With the current economic situation, it’s common to hear a bankruptcy lawyer talk about a business filing for Chapter 11 bankruptcy.
What is Chapter 11?
It allows the debtor to liquidate or restructure debt, and it usually involves larger amounts of money than Chapter 7 or 13.
Who Can File Chapter 11?
Both businesses and individuals can file for Chapter 11. However, it’s rarely filed by an individual. When it is, it’s almost always to reorganize unsecured debts that don’t qualify for Chapter 13 because they are too high, or for real estate reorganization.
Whether you are filing for yourself or your business, you’ll need to complete a petition that includes assets, expenses, income, and debts. Then, your lawyer will file it with the bankruptcy court clerk.
An individual filing for Chapter 11 must complete an approved credit counseling course before filing their petition.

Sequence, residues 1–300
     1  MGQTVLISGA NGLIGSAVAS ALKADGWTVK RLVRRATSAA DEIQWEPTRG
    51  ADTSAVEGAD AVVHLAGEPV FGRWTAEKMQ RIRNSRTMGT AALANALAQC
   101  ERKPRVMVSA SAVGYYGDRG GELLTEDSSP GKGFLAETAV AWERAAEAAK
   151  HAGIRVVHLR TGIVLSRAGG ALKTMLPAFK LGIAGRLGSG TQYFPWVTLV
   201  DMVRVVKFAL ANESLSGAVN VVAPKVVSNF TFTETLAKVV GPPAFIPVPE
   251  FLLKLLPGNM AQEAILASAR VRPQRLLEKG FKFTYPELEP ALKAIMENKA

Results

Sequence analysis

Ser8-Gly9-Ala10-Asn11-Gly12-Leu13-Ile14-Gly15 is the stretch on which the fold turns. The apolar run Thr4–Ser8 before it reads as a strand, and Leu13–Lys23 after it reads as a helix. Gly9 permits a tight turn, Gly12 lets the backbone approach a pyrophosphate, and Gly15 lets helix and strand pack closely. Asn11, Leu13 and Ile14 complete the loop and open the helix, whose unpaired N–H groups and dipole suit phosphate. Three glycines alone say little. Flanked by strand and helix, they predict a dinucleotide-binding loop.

As a debtor, you’ll be required to attend a debtor interview. At this time, a United States Trustee will gather preliminary information from you about your case and explain your responsibilities during the Chapter 11 process.
Another step is completing and filing a disclosure statement. This statement gives your creditors a chance to decide if they will accept your plan. Items that are usually included in a disclosure statement are:
- Your financial history
- An explanation as to what led to the Chapter 11 filing
- A synopsis of the reorganization plan
Once your lawyer files your disclosure statement, there will be a court hearing to approve or reject the plan.
Upon approval of your reorganization plan, you’ll start making payments to your creditors.
Ending the Case
As soon as you pay off all your required debts, the court will discharge the rest of your unsecured debts. This will end your Chapter 11 case.
This is just a brief overview of Chapter 11. To learn more and to see if it’s right for you, please contact us. As bankruptcy lawyers, we’ll help you get your finances back on track.